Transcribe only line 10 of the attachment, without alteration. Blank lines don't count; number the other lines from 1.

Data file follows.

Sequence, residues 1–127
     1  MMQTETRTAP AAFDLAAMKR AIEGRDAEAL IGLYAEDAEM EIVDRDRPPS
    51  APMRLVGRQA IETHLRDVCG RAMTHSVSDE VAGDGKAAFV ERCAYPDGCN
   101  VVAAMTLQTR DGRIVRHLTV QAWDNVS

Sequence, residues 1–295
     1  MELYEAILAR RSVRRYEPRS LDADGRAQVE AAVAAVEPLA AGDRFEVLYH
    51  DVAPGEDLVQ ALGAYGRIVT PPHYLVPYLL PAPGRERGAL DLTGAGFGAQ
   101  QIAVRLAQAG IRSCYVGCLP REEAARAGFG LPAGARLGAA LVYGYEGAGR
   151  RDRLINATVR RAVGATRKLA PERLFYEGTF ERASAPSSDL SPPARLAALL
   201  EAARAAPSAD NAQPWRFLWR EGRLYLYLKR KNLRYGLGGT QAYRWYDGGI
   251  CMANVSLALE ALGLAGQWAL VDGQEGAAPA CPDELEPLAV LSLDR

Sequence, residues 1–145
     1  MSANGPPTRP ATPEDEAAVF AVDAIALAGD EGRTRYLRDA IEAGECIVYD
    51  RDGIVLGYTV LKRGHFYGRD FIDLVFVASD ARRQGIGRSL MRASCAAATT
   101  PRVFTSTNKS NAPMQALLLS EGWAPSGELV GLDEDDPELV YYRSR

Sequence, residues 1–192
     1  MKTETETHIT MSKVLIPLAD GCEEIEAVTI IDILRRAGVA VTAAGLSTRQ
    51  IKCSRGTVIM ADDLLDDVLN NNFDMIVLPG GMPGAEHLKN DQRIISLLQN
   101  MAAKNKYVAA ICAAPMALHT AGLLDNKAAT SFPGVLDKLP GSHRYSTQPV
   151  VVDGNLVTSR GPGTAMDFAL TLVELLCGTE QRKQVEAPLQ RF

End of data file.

   201  EAARAAPSAD NAQPWRFLWR EGRLYLYLKR KNLRYGLGGT QAYRWYDGGI